Thinking winter was just around the corner, I did the pre-hibernation oil change WAY too early... barely any snow so far. Could've been driving all this time, but it's just as well... catching up with a lot of deferred maintenance and detail corrections, so it's a good thing, I guess. Winter therapy for car and owner.
      Chris


      1966 122S B-18D/M40 4-dr, Sea Green/Brown
      2007 XC90 3.2 AWD, Shadow Blue/Graphite Gray
      2012 Audi A6 3.0T quattro, Aviator Blue/Brown

    15. #223
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      Quote Originally Posted by R32rennsport View Post
      The O rings on the operating pistons are most likely dry rotted from sitting dry too long after it was completely overhauled and rebuilt in 2009. I bought it in 2014 and it sat on my garage floor until I installed it last year. It works great when it's cold out for about 20 minutes (below 60 degrees) with the factory recommended oil then it starts dropping out. I could band aid the situation by running thick oil but I'd rather address the issue properly and upgrade at the same time.

      Here is a great read. Pictures are near the bottom for reference.

      https://www.volvoclub.org.uk/faq/OverdriveRebuild.html
      I misread your post. For some unexplainable reason I had mentally inserted switch after 'intermittent OD'.
      A 142 of course. What do you expect? I'm the 142 guy. / 1971 142 E 102 color

    16. #224
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      I would honestly drive my car year round being that I'm in California but the car isn't completely waterproofed yet. The window seals are all dry rotted and I'm afraid to change out the front especially because I know there is some nasty surprises lurking under there. I'll probably just skim sealer along the fronts and rear rubber as a temporary solution. I need to re-glue the new trunk seal as it pulled up last month and I also still need to give the underside a second healthy coat of spray on liner.

    17. #225
      Junior Member Csm22's Avatar
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      Petrified seals were my concern before I changed them all out, but salt paranoia is what's keeping my garage occupied... yeah, it's overkill for a tough car like the Amazon, but I just can't bring myself to do it until the roads are clean.
      Chris


      1966 122S B-18D/M40 4-dr, Sea Green/Brown
      2007 XC90 3.2 AWD, Shadow Blue/Graphite Gray
      2012 Audi A6 3.0T quattro, Aviator Blue/Brown

    18. #226
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      A prudent choice. The Amazon may have been durable; but, it was not built with galvanized panels so a bath in salt brine will bring pretty quick undesirable results. If you look, you can find wheel well liners for the Amazon. I installed them on my 142. I still don't winter drive; but, the liners are useful for preventing the accumulation of mud in all the tight little corners / rust spots under the fenders for the rare occasion that I have to drive down a non paved surface after a rain.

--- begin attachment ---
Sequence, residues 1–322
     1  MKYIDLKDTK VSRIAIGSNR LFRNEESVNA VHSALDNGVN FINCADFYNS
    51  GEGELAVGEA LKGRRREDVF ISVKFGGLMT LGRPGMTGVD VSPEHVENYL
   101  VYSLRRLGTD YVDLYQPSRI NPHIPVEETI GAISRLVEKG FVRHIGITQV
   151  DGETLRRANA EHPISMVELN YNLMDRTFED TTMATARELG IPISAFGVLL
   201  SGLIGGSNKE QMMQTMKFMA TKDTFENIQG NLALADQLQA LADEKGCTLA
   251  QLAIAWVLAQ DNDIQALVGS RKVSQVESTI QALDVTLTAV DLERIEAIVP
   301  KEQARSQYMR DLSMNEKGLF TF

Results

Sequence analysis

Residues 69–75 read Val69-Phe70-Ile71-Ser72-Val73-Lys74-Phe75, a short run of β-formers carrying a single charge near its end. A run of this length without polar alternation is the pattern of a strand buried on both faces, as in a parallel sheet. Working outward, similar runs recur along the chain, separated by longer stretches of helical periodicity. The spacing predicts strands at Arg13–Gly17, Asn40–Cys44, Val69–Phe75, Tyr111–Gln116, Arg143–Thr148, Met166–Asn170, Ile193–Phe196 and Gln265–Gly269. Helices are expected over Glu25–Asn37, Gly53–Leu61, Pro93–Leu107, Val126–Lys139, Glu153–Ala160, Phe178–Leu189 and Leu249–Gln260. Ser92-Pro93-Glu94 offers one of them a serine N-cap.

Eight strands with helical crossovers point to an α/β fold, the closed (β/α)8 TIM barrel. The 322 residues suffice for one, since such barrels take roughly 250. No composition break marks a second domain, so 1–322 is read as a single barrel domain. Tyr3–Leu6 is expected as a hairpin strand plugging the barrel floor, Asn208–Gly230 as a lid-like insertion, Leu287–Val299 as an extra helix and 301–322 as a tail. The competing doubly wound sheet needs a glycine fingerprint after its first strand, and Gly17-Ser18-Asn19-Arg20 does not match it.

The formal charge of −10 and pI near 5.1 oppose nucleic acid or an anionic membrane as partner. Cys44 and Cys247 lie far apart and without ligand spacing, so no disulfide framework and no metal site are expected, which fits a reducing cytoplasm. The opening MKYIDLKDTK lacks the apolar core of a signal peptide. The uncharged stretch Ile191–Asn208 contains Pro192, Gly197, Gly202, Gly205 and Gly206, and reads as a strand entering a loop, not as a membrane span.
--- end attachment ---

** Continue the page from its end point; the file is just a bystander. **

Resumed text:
A 142 of course. What do you expect? I'm the 142 guy. / 1971 142 E 102 color

    19. #227
      Junior Member Csm22's Avatar
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      I've seen those, and they're reasonably priced... are they secured with screws or clips, or do they just fit into place?
      Chris


      1966 122S B-18D/M40 4-dr, Sea Green/Brown
      2007 XC90 3.2 AWD, Shadow Blue/Graphite Gray
      2012 Audi A6 3.0T quattro, Aviator Blue/Brown

    20. #228
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      Quote Originally Posted by Csm22 View Post
      I've seen those, and they're reasonably priced... are they secured with screws or clips, or do they just fit into place?
      I think it depends on the version. The ones for my 140 were cut from sheet aluminum and secured by brackets at the front and back bottom edge of the liner. The brackets bolted into the body rails where the mud flap bracket was located. They had a rubber gasket along the edge of the liner that sealed the liner along the inner and outer fender walls. Not the most elegant construction and required a fair amount of modification with some tin snips to get a good fit. There are some molded plastic liners for the rears on the 140 and I think for the fronts on the Amazon. Those look nice (I think CVI has them for the Amazon); but, I have no idea how they are retained.

      I went the aluminum sheet route because there were no molded plastic liners for the front on the 140 and the front is the big problem. Accumulated crap behind the headlight bucket causing rust-through and the top and back edge of the fender well leading to significant rust on the firewall. The aluminum sheet versions, aside from looking a bit primitive have the down side that when driving on a gravel lane with crushed rock the tires pick up the small aggregate and fling it against the liner which rings like crazy - sounds like being in a hailstorm.
      A 142 of course. What do you expect? I'm the 142 guy. / 1971 142 E 102 color

    21. #229
      Junior Member Csm22's Avatar